Sen. Jay Rockefeller Will Not Run For Re-Election In 2014
The 2014 elections are more than a year away, but we’ve already gotten the first retirement announcement of the new cycle:
Democratic Sen. Jay Rockefeller will not run for reelection in 2014, passing up a bid for a sixth term and putting in play a Senate seat in deep red West Virginia.
In an interview with POLITICO, Rockefeller — the chairman of the Commerce, Science and Transportation Committee and one of the most senior Senate Democrats — said he had been wrestling with the question of whether to run again since October but had not made up his mind to retire until very recently.
“I’m going to serve out my term,” the 75-year-old Rockefeller said. “It was a very hard decision for me. Once it’s made, like any hard decision, it eases up. But it was a very tough decision for me.”
Rockefeller is scheduled to make a formal announcement at 11 a.m. back home in West Virginia.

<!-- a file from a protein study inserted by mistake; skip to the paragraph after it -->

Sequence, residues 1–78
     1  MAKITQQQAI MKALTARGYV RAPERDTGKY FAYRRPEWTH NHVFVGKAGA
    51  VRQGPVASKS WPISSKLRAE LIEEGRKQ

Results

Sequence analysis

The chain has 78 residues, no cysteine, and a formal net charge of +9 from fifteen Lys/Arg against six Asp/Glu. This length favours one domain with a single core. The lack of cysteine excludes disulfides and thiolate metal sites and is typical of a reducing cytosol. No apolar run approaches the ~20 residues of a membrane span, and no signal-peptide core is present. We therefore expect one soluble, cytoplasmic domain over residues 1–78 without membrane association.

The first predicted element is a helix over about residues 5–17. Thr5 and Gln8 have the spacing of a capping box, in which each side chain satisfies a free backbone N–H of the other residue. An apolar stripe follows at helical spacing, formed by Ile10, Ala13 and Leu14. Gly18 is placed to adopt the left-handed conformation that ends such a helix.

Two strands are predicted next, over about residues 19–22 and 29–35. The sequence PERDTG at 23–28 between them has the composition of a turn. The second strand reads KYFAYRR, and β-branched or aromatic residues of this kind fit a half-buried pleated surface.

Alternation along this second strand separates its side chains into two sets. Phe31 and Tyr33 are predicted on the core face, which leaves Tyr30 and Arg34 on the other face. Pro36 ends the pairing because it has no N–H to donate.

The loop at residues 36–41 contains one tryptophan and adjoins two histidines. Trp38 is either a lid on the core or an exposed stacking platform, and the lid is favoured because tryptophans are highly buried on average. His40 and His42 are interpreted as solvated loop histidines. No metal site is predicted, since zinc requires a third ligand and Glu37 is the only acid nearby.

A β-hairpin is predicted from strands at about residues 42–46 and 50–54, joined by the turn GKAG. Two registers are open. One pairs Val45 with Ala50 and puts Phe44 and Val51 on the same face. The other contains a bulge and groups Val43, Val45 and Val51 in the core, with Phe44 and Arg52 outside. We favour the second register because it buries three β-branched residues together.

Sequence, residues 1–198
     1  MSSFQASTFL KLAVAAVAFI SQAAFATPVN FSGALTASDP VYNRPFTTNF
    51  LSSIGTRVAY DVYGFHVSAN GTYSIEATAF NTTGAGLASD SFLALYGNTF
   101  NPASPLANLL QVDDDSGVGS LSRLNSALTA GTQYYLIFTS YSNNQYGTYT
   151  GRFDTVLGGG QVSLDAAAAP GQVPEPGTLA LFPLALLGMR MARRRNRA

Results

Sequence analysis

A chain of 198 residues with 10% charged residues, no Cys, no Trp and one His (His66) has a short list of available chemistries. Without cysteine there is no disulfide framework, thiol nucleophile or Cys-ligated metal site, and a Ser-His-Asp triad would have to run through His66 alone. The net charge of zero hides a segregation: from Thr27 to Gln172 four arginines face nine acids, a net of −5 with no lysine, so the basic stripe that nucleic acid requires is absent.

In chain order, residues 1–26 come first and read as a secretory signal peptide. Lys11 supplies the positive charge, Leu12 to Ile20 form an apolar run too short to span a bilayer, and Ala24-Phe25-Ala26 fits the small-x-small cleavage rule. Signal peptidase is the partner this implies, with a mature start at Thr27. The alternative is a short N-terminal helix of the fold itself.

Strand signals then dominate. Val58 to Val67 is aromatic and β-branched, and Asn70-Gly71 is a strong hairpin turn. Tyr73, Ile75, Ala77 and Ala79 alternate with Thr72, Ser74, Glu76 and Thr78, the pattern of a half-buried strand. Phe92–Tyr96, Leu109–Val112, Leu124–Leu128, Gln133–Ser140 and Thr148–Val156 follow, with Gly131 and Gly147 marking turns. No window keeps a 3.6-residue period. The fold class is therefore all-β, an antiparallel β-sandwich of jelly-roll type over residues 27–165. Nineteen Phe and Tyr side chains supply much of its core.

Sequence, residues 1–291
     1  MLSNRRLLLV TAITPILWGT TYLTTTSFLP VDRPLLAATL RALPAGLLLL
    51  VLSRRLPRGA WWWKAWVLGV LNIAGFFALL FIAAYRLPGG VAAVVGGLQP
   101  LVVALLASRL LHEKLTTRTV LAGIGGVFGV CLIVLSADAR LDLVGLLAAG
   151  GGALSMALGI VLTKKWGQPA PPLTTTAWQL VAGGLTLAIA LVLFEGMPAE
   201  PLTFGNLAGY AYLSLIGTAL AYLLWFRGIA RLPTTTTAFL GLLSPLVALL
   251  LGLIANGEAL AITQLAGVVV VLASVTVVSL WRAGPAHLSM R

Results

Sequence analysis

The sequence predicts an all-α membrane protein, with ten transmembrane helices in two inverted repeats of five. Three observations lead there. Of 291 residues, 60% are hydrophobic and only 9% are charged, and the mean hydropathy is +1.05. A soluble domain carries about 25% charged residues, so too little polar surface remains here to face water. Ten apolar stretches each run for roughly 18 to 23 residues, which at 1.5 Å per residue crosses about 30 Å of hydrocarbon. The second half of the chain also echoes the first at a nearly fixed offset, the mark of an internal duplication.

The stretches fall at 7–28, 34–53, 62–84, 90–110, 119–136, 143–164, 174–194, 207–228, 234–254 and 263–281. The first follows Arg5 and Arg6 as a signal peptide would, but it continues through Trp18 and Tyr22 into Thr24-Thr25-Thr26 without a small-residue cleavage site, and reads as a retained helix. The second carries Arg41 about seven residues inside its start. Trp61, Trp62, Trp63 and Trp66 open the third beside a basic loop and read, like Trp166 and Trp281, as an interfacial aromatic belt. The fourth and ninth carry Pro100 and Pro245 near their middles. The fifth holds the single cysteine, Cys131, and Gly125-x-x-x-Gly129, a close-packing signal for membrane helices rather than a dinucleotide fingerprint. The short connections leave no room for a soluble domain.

Rockefeller said he decided to go public with his retirement now — one that is sure to shake up the 2014 Senate landscape — because it felt like the right move and because he didn’t want months of public speculation over his political future.
“It’s part of my nature,” Rockefeller said. “One is, I think that always in me, I want to do things — if I have a statement to make or an announcement that has at least some consequence to it — I want to do it in the way that I want to do it, at the time that I want to do it, with the words that I want to use.
“I do it now because I’d just rather clear the air and just get on with things,” he added.
Rockefeller acknowledged that Democrats will have a hard time holding onto his West Virginia Senate seat, but he insisted that he wasn’t leaving because of fear of any GOP challenger or fear that he wouldn’t win next year.
“Political opposition, I never worried about that,” Rockefeller insisted. “It’s not a part of this. It was easy enough not to have to worry about that.”
While it’s early, this is a potential pick up for the GOP largely because of the conservative bent that West Virginia has taken in recent years. The most likely Republican candidate would be Congresswoman Shelly Moore Capito, who has represented the state’s 2nd Congressional District for more than a decade now and who has previously flirted with the idea of running statewide both for Robert Byrd’s old Senate seat and for Governor.